Coronavirus pandemic leaves gig economy workers exposed

PARIS — Countries are making unprecedented sacrifices in the fight against the coronavirus — but the luxury of getting burgers and sushi delivered is not one of them.

As more and more countries impose lockdowns to stop the spread of infections, urban consumers are still ordering food online and resorting to ride-hailing apps to get around.

The result is that on the empty streets of Paris, Milan and other European cities under lockdown, drivers and couriers are among the last group of workers to be going about their duties as normal. Many feel they simply have no choice but to keep working to sustain an income in the absence of social protections afforded to most traditional employees, according to drivers interviewed by POLITICO in France and Italy, two of the countries most affected by the outbreak.

“We clearly did not expect a pandemic that would leave us behind, all by ourselves,” said Brahim Ben Ali, who runs a union of Uber drivers in France. “I run a Facebook group with 15,584 Uber drivers, and they are all concerned.”

Over the past year, courts in several European countries have re-classified some Uber drivers and Deliveroo couriers as employees, and the European Commission — the blocs executive arm — is set later this year to present a plan to improve working conditions for drivers and couriers.

“Deliveroo did not make anything available to us. There are no gloves, no masks, no gel, no wipes. We have to pay for everything ourselves” — Vincent Fournier, Parisian courier

But such progress is of little comfort to drivers and couriers today. Because of their status as independent contractors, those on the front lines of the coronavirus crisis cannot benefit from unemployment compensation or sick leave. And they are economically incentivized to keep working despite the health risks for them and for customers.

“While recognizing that some platforms are already adopting measures, we also need to acknowledge that the present situation shows that we will need to rise to the challenges to ensure that platform workers benefit from sick leave and social protection,” European Commissioner for Jobs Nicolas Schmit told POLITICO in a statement.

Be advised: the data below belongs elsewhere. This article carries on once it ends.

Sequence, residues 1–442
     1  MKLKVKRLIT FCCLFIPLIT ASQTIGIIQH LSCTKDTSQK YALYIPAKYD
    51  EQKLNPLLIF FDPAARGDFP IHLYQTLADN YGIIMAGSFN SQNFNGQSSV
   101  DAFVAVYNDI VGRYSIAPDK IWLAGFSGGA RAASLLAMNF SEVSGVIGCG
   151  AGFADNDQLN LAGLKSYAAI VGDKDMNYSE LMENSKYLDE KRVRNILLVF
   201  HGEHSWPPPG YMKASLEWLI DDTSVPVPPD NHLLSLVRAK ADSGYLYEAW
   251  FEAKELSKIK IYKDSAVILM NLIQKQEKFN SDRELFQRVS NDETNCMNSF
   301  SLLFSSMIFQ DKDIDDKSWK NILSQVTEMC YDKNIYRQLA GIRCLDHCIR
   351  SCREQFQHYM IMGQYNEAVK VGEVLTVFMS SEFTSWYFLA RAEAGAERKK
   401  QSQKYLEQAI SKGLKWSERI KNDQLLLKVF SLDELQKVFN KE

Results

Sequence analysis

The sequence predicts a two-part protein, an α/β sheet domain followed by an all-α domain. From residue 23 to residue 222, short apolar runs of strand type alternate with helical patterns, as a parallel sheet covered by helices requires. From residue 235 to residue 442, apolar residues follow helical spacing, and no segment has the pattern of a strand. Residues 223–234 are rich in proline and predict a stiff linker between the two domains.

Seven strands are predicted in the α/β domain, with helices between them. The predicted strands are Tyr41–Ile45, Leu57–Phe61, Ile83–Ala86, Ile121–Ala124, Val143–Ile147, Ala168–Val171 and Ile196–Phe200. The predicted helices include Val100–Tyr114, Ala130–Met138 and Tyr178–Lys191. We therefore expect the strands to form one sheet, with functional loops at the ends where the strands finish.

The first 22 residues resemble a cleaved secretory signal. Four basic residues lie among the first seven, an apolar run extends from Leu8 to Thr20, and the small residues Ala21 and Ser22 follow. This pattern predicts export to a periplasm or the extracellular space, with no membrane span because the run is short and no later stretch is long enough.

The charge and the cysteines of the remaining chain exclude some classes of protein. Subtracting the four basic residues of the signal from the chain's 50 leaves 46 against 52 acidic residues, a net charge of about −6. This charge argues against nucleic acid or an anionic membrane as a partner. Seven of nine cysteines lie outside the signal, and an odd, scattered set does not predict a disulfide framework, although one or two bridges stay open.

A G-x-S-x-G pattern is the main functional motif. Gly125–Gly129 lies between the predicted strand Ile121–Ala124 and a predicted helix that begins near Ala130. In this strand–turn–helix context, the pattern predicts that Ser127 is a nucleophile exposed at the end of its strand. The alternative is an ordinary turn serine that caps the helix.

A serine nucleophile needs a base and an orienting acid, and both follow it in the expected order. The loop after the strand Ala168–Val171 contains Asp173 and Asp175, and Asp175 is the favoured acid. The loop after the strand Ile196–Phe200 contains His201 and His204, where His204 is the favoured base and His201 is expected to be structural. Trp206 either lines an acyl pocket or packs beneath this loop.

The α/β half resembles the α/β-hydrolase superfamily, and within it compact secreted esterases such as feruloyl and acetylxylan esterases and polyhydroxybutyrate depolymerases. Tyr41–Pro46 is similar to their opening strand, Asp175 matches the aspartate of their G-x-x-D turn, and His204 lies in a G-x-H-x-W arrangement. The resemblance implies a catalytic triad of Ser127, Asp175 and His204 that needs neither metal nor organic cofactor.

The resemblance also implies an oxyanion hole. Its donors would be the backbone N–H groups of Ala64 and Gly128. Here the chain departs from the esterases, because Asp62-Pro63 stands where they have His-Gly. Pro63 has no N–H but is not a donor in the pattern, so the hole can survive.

Open for delivery

In Italy, France and Belgium, drastic sanitary measures have seen restaurants shut down for indoor dining. But food delivery is allowed, and companies such as UberEats have cut delivery fees to attract customers in countries such as Portugal.

To ease the concerns of clients who might be wary to order food and to avoid a PR backlash, Deliveroo has implemented so-called “contactless deliveries” — which is of little comfort to couriers who argue the firm is not taking their safety seriously.

“Deliveroo did not make anything available to us. There are no gloves, no masks, no gel, no wipes. We have to pay for everything ourselves,” said Vincent Fournier, a Parisian courier. “Were basically cannon fodder. Deliveroos motto used to be ride safe, now its stay safe, thats pretty much all.”

He compared Deliveroo couriers to bees who, instead of flying from one flower to another, bike from one contagion zone to another.

A spokesperson for Deliveroo France reached out to POLITICO to say the company would provide couriers with hand sanitizer and, in the meantime, reimburse up to €25 of protection material.

In neighboring Italy, the struggle is similar.

“Home deliveries of sushi, pizza and hamburgers are not an essential public service like hospitals, firefighters and public transport,” said Lorenzo Righi, a Deliveroo courier in Italy, arguing that the government had failed to think of the stark choices workers like himself are faced with.

“We have to choose between staying at home and protecting our health but also without a way to pay rent and bills, and on the other to keep working but jeopardizing our health,” he added.

Uber has said it would provide drivers and couriers around the globe who are diagnosed with COVID-19 or placed in quarantine with compensation for a period of up to 14 days | Denis Charlet/AFP via Getty Images

According to Antonio Casilli, a professor at Telecom-Paris University and platform workers specialist, the situation in southern Europe is symptomatic of a wider poverty crisis.

“In Italy or Spain, the platform workers issues are intertwined with precarity and mass unemployment issues that affect people under 35 years old,” he said.

Sick leave and lost income

Platforms have responded unevenly to the crisis. Uber has said it would provide drivers and couriers around the globe who are diagnosed with COVID-19 or placed in quarantine with compensation for a period of up to 14 days. The ride-hailing app has also halted its car-pooling service UberPool in France and the U.K.

However, Estonian ride-hailing firm Bolt will only provide sick leave for its U.K. drivers, the company told POLITICO, despite operating in other European countries such as France and Portugal. Deliveroo said it has set up a “hardship fund” for sick and quarantined couriers, but unions are not satisfied.

Making matters more dire for platform workers, there is no guarantee that drivers and couriers will benefit from government-mandated stimulus measures due to their status as independent workers.

“I decided to work to accumulate as much revenue as possible in case the government imposes restrictions later. Then, I will live off my savings, but I have some fixed expenses,” a French Bolt driver who spoke on condition of anonymity told POLITICO, two days before Emmanuel Macron announced Frances confinement measures.

In France, self-employed people are eligible for payments from the governments solidarity fund. But they must prove thaRead More – Source